Despite the medical community often considering MDT a last resort option, data gathered on the healing properties of larval therapy proves that not only is it a viable treatment for a variety of wounds, but it has even greater success than many conventional practices.

Studies show MDT’s superiority over other treatments in terms of removal of necrotic tissue and overall healing time. Traditional debridement techniques including various wound dressings and surgical debridement are often cumbersome, inaccurate, and can even “cause excessive trauma to the wound bed” (Shi and Shofler s8). MDT, however, proves a quicker and more thorough means of dead tissue removal than many of the techniques currently implemented. This effectiveness is exemplified by a study comparing MDT to conventional debridement conducted by Klaus and Stienwedel who state, “…‘80% of MDT wounds were debrided completely while only 48% of conventionally treated wounds were debrided completely’… [and] that in a 3-week time period, wounds treated with maggot therapy had twice the granulation tissue and one-third the necrotic tissue of wounds treated with conventional methods” (qtd. in Hasler 759-760). Zarchi and Jemec confirm these findings in a meta-analysis which concludes that “MDT was found to be significantly more effective as a debriding agent than hydrogel or a mixture of conventional therapy modalities (including hydrocolloid, hydrogel and saline moistened gauze)” (qtd. in Shi and Shofler s8). Maggot Debridement Therapy not only debrides wounds faster than other treatments but also clears them from bacteria and stimulates replacement of dead tissue with live and healthy tissues more quickly. Wound treatment using MDT results in a shorter amount of time that patients need to be in the care of a medical facility (Shi and Shofler s12). The mechanisms that take place during MDT’s process facilitate its superior efficacy over conventional methods.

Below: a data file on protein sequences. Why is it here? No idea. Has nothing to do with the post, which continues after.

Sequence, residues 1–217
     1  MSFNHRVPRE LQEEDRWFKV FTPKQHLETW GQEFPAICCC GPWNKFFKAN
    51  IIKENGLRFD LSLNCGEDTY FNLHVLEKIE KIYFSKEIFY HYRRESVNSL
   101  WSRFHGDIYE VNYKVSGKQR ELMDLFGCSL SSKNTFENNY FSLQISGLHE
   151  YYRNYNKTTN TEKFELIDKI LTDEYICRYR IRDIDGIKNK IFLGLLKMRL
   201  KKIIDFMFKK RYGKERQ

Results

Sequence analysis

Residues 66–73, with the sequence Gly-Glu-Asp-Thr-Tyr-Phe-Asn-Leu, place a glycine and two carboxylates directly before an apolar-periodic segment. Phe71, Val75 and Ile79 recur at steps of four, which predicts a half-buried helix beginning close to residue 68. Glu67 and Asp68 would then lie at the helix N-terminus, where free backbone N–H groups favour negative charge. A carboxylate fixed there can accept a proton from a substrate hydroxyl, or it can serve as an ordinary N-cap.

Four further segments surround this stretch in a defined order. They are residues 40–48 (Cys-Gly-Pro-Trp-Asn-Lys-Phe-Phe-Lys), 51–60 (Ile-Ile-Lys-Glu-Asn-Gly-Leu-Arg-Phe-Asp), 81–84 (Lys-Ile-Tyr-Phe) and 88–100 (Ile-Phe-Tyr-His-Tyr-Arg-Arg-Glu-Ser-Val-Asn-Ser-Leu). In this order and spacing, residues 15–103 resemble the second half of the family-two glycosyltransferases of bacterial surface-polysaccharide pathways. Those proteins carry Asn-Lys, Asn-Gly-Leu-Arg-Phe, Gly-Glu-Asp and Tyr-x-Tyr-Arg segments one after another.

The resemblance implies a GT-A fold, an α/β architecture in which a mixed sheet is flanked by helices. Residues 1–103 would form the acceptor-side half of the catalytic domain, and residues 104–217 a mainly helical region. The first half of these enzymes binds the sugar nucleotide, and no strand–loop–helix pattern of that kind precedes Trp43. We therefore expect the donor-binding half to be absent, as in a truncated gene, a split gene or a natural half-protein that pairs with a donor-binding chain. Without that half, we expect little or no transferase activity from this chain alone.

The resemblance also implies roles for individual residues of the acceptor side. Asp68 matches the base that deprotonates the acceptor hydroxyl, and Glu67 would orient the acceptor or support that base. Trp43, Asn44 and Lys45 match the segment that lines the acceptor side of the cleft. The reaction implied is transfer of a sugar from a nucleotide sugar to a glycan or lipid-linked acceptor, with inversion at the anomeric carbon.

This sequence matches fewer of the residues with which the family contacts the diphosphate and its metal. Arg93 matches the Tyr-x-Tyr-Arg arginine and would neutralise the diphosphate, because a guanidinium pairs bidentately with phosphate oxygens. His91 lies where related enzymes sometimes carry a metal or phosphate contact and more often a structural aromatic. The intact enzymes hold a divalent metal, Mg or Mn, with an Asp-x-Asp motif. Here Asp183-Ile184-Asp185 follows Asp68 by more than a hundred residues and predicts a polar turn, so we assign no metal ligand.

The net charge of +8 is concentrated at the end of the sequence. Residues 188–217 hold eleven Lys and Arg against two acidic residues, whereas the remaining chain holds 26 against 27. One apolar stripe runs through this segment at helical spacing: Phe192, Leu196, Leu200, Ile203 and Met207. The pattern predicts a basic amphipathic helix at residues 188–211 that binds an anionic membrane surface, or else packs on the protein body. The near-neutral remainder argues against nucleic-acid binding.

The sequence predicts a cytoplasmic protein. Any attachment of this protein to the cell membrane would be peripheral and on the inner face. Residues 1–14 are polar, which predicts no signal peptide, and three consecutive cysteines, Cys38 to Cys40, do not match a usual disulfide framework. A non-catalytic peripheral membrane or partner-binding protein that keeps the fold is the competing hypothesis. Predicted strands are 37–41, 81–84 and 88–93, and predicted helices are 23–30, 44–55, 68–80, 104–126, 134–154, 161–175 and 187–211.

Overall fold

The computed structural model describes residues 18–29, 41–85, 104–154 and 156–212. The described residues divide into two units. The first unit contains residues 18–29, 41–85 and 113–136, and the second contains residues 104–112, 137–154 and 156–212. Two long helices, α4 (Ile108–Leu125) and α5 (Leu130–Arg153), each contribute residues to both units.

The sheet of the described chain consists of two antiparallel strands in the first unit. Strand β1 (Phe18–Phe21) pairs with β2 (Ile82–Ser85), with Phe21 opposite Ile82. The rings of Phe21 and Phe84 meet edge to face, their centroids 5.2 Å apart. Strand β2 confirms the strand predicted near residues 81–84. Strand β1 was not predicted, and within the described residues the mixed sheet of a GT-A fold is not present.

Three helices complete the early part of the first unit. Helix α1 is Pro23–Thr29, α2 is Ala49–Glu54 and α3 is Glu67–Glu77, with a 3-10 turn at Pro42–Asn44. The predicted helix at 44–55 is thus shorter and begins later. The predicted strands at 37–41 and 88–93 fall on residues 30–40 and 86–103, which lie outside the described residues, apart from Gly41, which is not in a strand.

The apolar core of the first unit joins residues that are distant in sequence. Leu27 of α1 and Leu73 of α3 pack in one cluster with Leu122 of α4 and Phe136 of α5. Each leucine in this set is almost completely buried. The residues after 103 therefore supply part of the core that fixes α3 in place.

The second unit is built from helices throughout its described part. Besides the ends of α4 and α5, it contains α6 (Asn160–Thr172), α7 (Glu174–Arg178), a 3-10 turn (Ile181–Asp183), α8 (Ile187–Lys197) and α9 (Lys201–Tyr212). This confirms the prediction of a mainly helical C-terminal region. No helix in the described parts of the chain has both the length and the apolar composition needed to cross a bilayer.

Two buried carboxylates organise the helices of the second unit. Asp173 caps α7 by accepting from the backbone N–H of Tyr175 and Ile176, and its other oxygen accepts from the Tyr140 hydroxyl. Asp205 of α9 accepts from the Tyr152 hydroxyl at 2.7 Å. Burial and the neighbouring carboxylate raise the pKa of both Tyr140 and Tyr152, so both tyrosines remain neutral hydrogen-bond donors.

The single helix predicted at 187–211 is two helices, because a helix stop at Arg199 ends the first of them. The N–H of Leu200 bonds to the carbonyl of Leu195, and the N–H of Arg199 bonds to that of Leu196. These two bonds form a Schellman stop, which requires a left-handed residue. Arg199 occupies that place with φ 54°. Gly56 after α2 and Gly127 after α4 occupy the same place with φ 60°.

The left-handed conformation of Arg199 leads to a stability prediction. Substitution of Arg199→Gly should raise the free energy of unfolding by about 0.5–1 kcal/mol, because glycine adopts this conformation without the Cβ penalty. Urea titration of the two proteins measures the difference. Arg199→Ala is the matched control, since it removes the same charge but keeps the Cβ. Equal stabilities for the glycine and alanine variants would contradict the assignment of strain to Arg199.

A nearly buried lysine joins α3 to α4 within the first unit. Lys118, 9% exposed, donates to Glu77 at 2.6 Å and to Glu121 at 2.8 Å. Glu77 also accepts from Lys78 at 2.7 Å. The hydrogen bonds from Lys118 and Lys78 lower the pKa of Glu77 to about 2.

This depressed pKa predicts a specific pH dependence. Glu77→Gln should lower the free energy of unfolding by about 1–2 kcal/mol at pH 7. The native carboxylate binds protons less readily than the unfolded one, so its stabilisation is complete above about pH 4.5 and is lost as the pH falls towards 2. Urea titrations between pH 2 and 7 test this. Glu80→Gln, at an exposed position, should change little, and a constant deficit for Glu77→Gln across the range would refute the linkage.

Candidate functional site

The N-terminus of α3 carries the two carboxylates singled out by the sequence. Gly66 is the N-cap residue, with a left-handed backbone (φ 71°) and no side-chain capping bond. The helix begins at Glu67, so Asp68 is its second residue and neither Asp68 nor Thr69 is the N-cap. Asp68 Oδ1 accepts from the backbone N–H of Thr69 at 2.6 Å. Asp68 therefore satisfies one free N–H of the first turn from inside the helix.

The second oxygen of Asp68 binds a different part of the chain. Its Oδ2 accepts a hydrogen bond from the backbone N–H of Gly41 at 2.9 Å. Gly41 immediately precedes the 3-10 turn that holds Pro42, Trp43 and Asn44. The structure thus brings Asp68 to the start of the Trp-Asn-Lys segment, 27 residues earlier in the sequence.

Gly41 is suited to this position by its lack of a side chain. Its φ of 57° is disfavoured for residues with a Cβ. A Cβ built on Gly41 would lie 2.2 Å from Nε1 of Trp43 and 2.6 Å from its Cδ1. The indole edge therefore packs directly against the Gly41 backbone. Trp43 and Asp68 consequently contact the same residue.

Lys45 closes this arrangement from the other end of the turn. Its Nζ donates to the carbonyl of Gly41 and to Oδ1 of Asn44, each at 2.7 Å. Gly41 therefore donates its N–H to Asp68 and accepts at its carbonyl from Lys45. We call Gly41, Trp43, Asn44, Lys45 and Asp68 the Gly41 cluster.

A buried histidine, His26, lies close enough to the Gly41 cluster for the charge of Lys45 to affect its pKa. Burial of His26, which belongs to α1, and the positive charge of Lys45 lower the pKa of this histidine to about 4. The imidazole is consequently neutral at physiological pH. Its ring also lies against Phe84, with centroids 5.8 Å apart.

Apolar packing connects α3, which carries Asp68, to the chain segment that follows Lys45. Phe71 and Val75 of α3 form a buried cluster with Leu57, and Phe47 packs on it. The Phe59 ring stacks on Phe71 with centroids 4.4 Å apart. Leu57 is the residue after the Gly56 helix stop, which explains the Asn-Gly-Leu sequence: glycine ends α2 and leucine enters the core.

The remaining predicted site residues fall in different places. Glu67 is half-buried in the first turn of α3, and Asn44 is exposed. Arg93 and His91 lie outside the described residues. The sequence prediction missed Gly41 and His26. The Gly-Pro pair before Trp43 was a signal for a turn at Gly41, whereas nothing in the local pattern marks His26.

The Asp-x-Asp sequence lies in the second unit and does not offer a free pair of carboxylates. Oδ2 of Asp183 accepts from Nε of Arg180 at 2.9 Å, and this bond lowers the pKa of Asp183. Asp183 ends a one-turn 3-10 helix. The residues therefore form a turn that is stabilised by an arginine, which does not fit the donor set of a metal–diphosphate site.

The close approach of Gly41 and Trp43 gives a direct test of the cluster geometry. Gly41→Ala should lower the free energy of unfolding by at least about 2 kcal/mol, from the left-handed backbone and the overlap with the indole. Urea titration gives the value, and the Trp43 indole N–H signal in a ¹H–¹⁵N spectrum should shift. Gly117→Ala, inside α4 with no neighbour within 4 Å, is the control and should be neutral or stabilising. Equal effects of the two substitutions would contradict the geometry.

MDT is a useful means of healing wounds through its effective processes including physical debridement, the anti-microbial and anti-inflammatory properties of the maggots’ secretions, and the activation of new healthy tissue growth. The primary way in which MDT treats wounds is the removal of necrotic tissue through the natural activity of maggot consumption, movement, and the digestive enzymes secreted during MDT which serve to break down this dead tissue (Shi and Shofler s8). The effectiveness of MDT is shown in a study conducted “using larval therapy and traditional dressing” by Turkman et al. which concluded that “…of the 34 patients, 29 (85%) found that all necrotic tissue was satisfactorily removed” (qtd. in Hasler 759). The secretions/excretions produced during MDT also have value outside of the debridement process as they contain agents which both inhibit bacterial growth and subdue excess inflammation caused by the human complement system (Shi and Shofler s8-s10). In fact, the anti-bacterial and anti-inflammatory properties of these enzymes have such effective outcomes that one study by Sherman and Shimoda found that “wounds treated with MDT 1–17 days prior to surgical closure had zero postoperative wound infections. However, …32% of the wounds that were not treated with MDT developed postoperative infections” (qtd. in Shi and Shofler s10). Additional research has indicated “that maggot excretions and secretions reduce complement up to 99.9%” (Shi and Shofler s10). The final way in which MDT encourages healing is through the promotion of new healthy tissue growth (Hasler 758). MDT has been shown to encourage the replacement of necrotic tissue with granulation tissue through cell migration and blood vessel growth in clinical studies by stimulating the wound via movement and enzyme secretion (Shi and Shofler s10). The processes of MDT combine to create an excellent treatment option that both cleans and contributes to faster healing; this has positive implications for the treatment of all types of wounds including those infected with antibiotic-resistant bacteria.